Regarding the therapist things though, do you know of any specific type of therapist I should be looking at? Like would a talk therapist be enough, or do you think that a cognitive behavior therapist would be more effective in helping?

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#14

Maybe others here could tell you what worked for them. Id just give things a go first. Whichever you choose it’s a positive step forward having someone there for you. You can already start researching overthinking and doing meditation while you wait to see someone.

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#15

Hi Bear,

I’m a fair bit older than you so have life experience to draw on. I have all of the sides but the cognitive ones effect me the most. Distraction strategies, positive thinking, exercise and awakening other senses are key to handling the symptoms a bit better. This disease isolates us which gives the symptoms more traction. When your low think of other things, count backwards in multiples makes u think. Look at your surroundings and the detail out there eg buds on trees, furniture in the home and how it was made. Smell flowers soak up the atmosphere, etc. For the majority of sufferers the symptoms disipate with time, hang on to that. Remember when it’s bad it’s the hormones doing this! They fluctuate because of many variables. Tommorow may be slightly better. Eat a good diet and don’t get pulled into all of the supplements as these invariably worsen symptoms after a brief uplift. Do exercise and go for walks this helps not only with distraction it also lessens the dark thoughts. I also think about people with terminal illnesses and realise they would swap places with any of us in a blink. We have hope some don’t. Feel free to mssge me outside of the forum if your having a particularly rough day. Sharing lessons the burden. Hope this helps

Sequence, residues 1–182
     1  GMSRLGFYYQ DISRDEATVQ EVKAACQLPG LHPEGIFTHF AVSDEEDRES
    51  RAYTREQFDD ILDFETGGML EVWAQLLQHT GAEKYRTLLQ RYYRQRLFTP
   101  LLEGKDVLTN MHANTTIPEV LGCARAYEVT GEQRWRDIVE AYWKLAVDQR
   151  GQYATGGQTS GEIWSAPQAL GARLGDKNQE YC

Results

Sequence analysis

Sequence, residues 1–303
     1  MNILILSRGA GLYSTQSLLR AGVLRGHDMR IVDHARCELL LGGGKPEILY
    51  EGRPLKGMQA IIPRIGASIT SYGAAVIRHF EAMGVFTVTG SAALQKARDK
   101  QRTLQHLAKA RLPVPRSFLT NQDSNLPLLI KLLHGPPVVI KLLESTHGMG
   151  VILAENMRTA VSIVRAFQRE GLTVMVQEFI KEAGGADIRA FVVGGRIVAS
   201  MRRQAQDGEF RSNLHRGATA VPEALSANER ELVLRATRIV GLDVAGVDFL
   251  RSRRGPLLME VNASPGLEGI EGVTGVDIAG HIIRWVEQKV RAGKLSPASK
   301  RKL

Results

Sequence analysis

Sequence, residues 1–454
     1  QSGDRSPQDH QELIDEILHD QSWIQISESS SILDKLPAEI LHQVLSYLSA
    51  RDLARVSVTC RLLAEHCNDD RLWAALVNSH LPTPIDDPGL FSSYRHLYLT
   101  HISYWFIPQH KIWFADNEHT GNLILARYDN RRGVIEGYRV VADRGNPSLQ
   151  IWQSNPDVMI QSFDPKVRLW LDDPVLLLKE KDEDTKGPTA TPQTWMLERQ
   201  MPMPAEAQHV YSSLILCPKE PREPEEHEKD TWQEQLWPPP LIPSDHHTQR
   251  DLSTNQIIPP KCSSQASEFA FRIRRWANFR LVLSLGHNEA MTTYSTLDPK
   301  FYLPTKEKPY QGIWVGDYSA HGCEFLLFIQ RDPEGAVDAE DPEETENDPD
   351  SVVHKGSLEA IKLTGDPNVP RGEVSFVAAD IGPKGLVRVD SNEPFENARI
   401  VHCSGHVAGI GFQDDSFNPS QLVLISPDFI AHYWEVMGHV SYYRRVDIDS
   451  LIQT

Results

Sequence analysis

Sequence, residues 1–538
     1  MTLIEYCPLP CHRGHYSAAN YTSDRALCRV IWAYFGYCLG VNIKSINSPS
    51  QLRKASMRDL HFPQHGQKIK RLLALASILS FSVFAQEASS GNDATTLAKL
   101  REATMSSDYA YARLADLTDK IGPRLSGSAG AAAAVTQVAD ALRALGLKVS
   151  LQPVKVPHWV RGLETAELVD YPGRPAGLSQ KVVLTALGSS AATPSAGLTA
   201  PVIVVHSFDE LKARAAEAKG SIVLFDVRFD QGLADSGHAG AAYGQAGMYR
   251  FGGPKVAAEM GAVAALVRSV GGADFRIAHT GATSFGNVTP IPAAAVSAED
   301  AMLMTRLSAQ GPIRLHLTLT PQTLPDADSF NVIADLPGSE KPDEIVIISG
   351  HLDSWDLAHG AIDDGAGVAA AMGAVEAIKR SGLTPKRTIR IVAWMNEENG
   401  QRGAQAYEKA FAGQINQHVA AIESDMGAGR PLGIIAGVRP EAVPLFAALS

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#16

Additionally bear,

Some of the guys have provided me with some great advice at the most difficult of times, you’ve already picked up on it! There’s always someone here for you .

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#20

Always evaluate stress in your life, PFS loves to feed of stress.

Stress from diet
Stress from work
Stress from over exercise
Stress from poorly balanced hormones

Stress from…

When you can’t cope look for patterns in your life that maybe causing this.

Let’s be kind to ourselves, give ourselves a daily hug and some positive reassurance.
Let’s not react to struggle, let’s get ahead of struggle and do the work in advance,
making it harder for struggle to happen.